Ever want to be able to play with WordPress and not worry about breaking your live site? Want to have an environment where you can try different things like plugins, themes, or that cool tutorial you found and want to work through? Well, then this is the post for you, (especially if you’re a Mac user). I’m going to walk you through installing WordPress on your Mac computer and working with it just as if it was a live production environment.
What you will need to get started:
- A computer running the Mac OSx
- A good amount of hard drive space (There isn’t a hard and fast number here, but I would suggest something around 50-75 GB, especially if you are going to be working on multiple sites).
- A copy of MAMP, downloaded from this site
What is MAMP?
MAMP is a piece of software that gives you all the tools you need to run WordPress on your own machine for development and testing purposes. MAMP stands for Macintosh, Apache, MySQL and PHP. When it is installed, MAMP allows you to run a webserver locally on your machine with access to a MySQL server and PHP. While there are other ways of achieving the same result, like manually installing Apache, MySQl and PHP, this is easily the quickest and most efficient way to do it.
Setting up MAMP on your Mac
As stated previously, I think MAMP is the best solution for running WordPress (and websites in general) on your Mac. And while there is a paid, pro version available, the free one does everything you need it to do…and did I mention it is free?
So, the first thing you want to do is download the software from www.mamp.info. Then, locate the file you downloaded and install it like you would any other application for your Mac.
Just like that, you have MAMP installed on your computer, and you’re halfway to running your own development environment!
Now you can start MAMP up, (which you can do from Applications/MAMP, unless you’ve installed it somewhere else), and you’ll see two things. First up will be the awesome desktop widget (pictured below) that lets you start and stop the servers as well as launch the start page. You can also go through the settings found inside the Preferences button on the widget, but there really is no need to do this since MAMP works pretty smoothly right out of the box. The second thing you’ll see is the MAMP start page, but I’m getting to that in a second.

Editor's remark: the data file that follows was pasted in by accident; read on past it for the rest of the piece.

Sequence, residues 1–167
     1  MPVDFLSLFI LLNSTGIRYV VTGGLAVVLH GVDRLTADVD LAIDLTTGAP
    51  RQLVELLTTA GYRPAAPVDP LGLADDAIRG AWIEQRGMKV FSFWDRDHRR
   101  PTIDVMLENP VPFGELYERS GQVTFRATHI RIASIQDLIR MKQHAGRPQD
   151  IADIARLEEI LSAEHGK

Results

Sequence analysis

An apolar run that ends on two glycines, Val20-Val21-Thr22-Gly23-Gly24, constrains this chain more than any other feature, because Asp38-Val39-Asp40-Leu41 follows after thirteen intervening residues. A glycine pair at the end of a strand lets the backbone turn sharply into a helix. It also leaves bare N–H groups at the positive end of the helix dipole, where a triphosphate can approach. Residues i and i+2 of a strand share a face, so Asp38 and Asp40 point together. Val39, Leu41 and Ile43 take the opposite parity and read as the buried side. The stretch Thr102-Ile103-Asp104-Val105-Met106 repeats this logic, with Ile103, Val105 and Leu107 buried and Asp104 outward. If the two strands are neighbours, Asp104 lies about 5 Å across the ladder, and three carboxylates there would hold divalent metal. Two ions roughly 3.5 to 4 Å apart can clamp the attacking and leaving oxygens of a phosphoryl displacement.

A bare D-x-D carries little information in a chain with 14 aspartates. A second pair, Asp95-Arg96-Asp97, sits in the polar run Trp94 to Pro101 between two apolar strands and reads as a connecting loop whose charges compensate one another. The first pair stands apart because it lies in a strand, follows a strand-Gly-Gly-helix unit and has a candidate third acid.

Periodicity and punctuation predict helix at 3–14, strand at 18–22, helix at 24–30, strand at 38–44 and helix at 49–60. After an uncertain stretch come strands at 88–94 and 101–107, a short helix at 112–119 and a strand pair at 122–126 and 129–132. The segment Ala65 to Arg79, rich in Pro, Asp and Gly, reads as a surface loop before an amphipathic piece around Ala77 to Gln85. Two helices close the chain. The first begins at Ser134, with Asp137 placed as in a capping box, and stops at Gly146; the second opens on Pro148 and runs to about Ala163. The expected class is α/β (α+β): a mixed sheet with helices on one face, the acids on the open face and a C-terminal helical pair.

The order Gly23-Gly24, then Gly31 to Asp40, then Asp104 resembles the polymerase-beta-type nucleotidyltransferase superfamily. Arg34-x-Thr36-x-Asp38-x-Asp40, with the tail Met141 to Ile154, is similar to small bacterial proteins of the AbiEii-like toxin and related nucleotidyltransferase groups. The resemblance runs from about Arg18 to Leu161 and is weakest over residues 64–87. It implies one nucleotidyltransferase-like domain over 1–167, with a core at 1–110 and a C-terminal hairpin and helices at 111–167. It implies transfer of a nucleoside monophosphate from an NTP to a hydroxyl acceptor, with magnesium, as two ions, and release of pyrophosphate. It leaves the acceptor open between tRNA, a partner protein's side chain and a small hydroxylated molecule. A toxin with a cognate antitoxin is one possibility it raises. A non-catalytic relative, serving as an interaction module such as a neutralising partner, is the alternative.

The next thing you’ll need to do is set up a MySQL database for your local WordPress install. On the MAMP start page, there is a link to PHP MyAdmin. You can get the start page to launch from the dashboard widget by clicking on the button cleverly labelled ”Open start page.” On the PHP My Admin page, you’ll find the tools you need to create a new database. The best part of this page is the ability to set up literally hundreds of databases if you need them. This is especially great if you are doing client work, because you can have a separate database for each client project, and, when the time comes to migrate the work from your local machine to their hosting provider, you can package everything up–database and all–and move it on over. Once you have the database all set up, it’s time to install WordPress!
If you have ever installed WordPress on a hosting provider’s site, you know that FTPing the files can take a few minutes. One of the nice things about working locally is how quickly you can have a new WordPress install up and running.
Here is how I go about installing WordPress:
- Create a new folder in the htdocs directory of your MAMP installation. This is where your site will live.
- I keep a copy of the latest version of WordPress unzipped and ready to go on my hard drive (I keep mine in the cleverly labeled folder called WP in my Documents folder). Simply copy and paste all of the files from the WordPress folder into the folder you created for your site.
- Open a browser of your liking and navigate to localhost:8888/yoursitename/wp-login.php and run through the (less than) 5 minute install.
- Once you’ve done that, presto!, you now have a fully functional WordPress install/site to work on at your leisure!
Hopefully, this takes the mystery out of installing WordPress locally on your Mac.